The radio is located in between the front seats, where the handbrake is generally found, and the handbrake is sandwiched in the middle of the dash, where the radio usually sits. The gear lever sticks out from the floor – this is worth mentioning because when the GS came out, Citroëns were notorious for their unorthodox gearshift arrangements. The DS had it on the steering column, a featured written off as dated by the press in the early 1970s, and the 2CV / Ami 8 duo had it going through the dash, through the firewall and down into the gearbox.
At the wheel
The first thing that sticks out when the flat-four has whirled to life is that the aforementioned “STOP” light comes on. Since the GSA uses Citroën’s hydropneumatic suspension, the driver has to wait for the car to fully rise before driving off. The rear rises first, followed by the front. The light turns off when the car has reached its normal ride height.
The suspension control lever is between the front seats, next to the radio. There are three positions: The one closest to the front of the car is normal ride height; the one in the middle sets the suspension a little higher in order to drive (at low speeds, preferably) on terrain that requires more ground clearance or over obstacles such as sidewalks and the position furthest back is for emergencies only such as to change a tire. Citroën advises not to drive with the highest position engaged.
The hydraulic suspension gives the GSA roughly the same amount of body roll as a Moto Grand Prix motorcycle, but it also provides an unbelievably quiet and comfortable ride.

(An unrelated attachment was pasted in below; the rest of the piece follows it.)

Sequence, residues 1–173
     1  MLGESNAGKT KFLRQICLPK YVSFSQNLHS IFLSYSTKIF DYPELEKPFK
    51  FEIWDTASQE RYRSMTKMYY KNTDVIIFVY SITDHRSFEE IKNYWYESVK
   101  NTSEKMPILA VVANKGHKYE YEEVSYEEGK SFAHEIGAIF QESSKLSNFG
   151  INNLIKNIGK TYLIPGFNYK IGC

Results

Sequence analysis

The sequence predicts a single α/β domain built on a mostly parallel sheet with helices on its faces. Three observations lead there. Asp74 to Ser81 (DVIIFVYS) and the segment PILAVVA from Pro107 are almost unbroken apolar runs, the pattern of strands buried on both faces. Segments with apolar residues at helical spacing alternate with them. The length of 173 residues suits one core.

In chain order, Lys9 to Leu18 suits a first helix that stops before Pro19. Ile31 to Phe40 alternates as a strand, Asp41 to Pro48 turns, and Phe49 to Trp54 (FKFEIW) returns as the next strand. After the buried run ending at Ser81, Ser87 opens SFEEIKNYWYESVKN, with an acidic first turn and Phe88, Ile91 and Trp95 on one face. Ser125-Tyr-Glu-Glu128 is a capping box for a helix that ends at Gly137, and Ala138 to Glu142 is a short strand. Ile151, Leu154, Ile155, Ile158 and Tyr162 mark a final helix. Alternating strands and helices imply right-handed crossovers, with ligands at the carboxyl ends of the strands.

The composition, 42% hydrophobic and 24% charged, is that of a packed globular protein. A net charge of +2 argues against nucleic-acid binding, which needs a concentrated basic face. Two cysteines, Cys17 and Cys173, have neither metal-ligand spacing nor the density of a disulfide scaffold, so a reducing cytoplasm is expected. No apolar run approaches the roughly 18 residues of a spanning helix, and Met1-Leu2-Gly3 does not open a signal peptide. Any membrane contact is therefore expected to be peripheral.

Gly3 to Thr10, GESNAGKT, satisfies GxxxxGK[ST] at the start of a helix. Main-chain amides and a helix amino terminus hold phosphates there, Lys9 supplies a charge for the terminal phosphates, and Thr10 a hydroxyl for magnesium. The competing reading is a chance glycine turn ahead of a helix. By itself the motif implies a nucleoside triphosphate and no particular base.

The steering, commanded through a typically-Citroën single spoke wheel, is precise and light considering it is not a power unit. The four disc brakes provide excellent stopping power but they take a bit to get used to because the pedal has a travel distance of approximately an inch and a half.
Under the hood
A vast majority of GS / GSAs were powered by an air-cooled flat-four. Over the years, the sedan got a 1,015cc (anemic, also found in the Ami Super), a 1,129cc, a 1,222cc and 1,299cc. A twin-rotor Wankel engine with an adjusted displacement of 1,990cc was offered very briefly and is rarer than hen’s teeth today.
Our test car features the 1,129cc that puts out 56 horsepower and 58 lb-ft. of torque. Fuel enters the combustion chambers via a double barrel Solex 28 CIC4 carburetor and an overhead camshaft on each cylinder bank opens and closes the valves with the help of two timing belts.
At first glance 1,129cc may seem inadequate – a Super Beetle has a bigger engine – but paired with the aerodynamic design of the body the small engine does a remarkable job at moving the car along and it will cruise at 80 mph (130 km/h) without complaining too much. However, it will complain when going up steep mountain roads, where the gearshift finds itself in a constant dance between 2nd and 3rd gear in order to go up at a steady pace.
About our test car
We purchased this 1983 GSA in early 2008 from the grandson of the original owner. At the time the odometer read just 76,000 kilometers (47,000 miles) and we have added about 10,000 kilometers (6,000 miles) since.
It is not a perfect example of a well-preserved car because it has a lot of odd aftermarket add-ons, including plastic molding on the body, a third brake light, a tachometer and a clock, just to name a few. However, we were drawn by its relatively rare Rouge Vallelunga color and its low miles.
We used this car as a daily driver for nine or ten months so a lot of the pictures below were taken during our commute or while running errands.